Denver Art Museum

Yesterday I visited the Denver Art Museum.  It is always a refreshing experience, but yesterday it was kind of dull because of the temporary exhibits that they were featuring.  On the first floor, they were exhibiting the pins from previous Secretary of State Madeline Albright.  I did take a quick look around the exhibit but did not pay too much attention because of lack of interest and it really wasn’t the kind of medium that I wanted to talk about.  On the second floor, there was the main temporary exhibit that was attracting a large crowd, which was displaying the fashion from Yves Saint Laurent.  I was a little disappointed with the selection of temporary exhibits because I am not a fashion person in the least, and I don’t want to write about pins.  Even though the selection of temporary exhibits was not up to par in my opinion, admission to the museum was free so I could not complain.  I proceeded up to the third and fourth floors where they held their contemporary art galleries.  The pieces that I chose were not from the same galleries, but rather I selected ones from several galleries.  I did this because there were several pieces that struck me and grabbed my attention right away.

This piece was the first painting that caught my attention.  It is titled “Surveying the Siberian Explosion” by Roger Brown.  I was entranced right away.  The way he paints the perspective is really intriguing because it feels like the viewer is looking right down on the subject in the middle.  The collapsed trees encircle a perfect canvas of destruction around the subject.  The contrasts from the black trees to the white, snowy ground is remarkable.  The vibrant colors of the horizon also add a new texture to the piece as well.  The symmetry of the way the trees have fallen down was an interesting and simplistic way of depicting the actual event.  The simplistic nature of the painting gives off the vibes of a cartoon to me, but the artists pulls off the devastation as well.  I really like this piece because to me it is easy to comprehend, and gives off an almost nonchalant charisma to a serious event.  In this piece, there is no suggestion as to what caused all of the trees to collapse, but the main theory is an asteroid exploded over one of the remote forests inside Siberia.  My love for astronomy feeds into this piece, as well as the next piece I will discuss.

This piece is called “Four Sons in Space” by Vance Kirkland.  I feel like the artist really captured the feeling of glancing at actual stars because the colors of the dots and fluidity of them really play with your eyes when observing from a distance.  There is a fluidity to this piece, and the dots appear to move when one glances at the piece, almost making it hard to look at.  I feel like this is intentional because it is very difficult to view our own sun, which translates well into this piece.  As the viewer begins to step closer to the painting, the image is easier to see and you can see the artist’s technique as to how he created the image.  I almost feel like the space between the stars is the gravity that is pulling them or pulling them to their ongoing paths through the cosmos.  The gravitational pulls are represented by the dots, hence their fluid like nature.  It is an overall great piece, which was only one in several pieces in his collection.  This one was the largest and the one that demanded the most attention in the room, since a viewer could see it from a far distance away.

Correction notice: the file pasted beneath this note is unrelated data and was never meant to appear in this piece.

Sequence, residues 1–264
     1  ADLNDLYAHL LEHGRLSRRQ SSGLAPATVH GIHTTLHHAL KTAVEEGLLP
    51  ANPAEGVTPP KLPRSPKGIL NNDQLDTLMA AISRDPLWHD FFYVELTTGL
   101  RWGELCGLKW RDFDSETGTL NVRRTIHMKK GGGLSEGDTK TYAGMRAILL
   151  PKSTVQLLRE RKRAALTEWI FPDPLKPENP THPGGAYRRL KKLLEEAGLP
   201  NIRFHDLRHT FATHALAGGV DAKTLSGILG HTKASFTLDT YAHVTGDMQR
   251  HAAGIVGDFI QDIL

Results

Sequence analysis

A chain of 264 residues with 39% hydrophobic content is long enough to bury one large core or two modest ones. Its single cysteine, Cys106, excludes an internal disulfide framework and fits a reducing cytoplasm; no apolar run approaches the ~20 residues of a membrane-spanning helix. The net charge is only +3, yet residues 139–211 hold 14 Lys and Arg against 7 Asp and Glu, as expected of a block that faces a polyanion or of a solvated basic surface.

This piece was in the African Art Exhibit, and was one of the few contemporary pieces.  It was by an artist that our class looked at.  His name is El Anatsui, and this piece is called “Rain Has No Father?”.  This is the only installation piece that I am featuring, and it was also my favorite in the museum.  He made the piece by collecting bottle caps from liquor bottles, and then flattened them and stitched them together.  I think what this piece accomplishes is that the artist proves that there can be a liquid nature to anything.  In this case, it is metal.  I think this is the best photo that I took from my visit because the way the light hits this piece really shows in the picture.  There are many different aspects of this piece that all show up at once.  The way some parts shine, and the dark crevasses in other spots are two different places that are competing for attention.  Some parts are really smooth, and other lids have more space between them, creating a net like presence.  I also wonder if there was a distinct reason why he used liquor bottle caps and not water bottle caps.  Maybe it was chance.  Maybe he had a certain motivation.  I find it interesting he makes his piece out of liquor bottle caps and then the subject in the title is water.  Maybe the caps from the bottle doesn’t mean anything except that any kind of bottle can contain water, which then makes it its’ father or master.  This is a really great installation which can create a lot of conversation.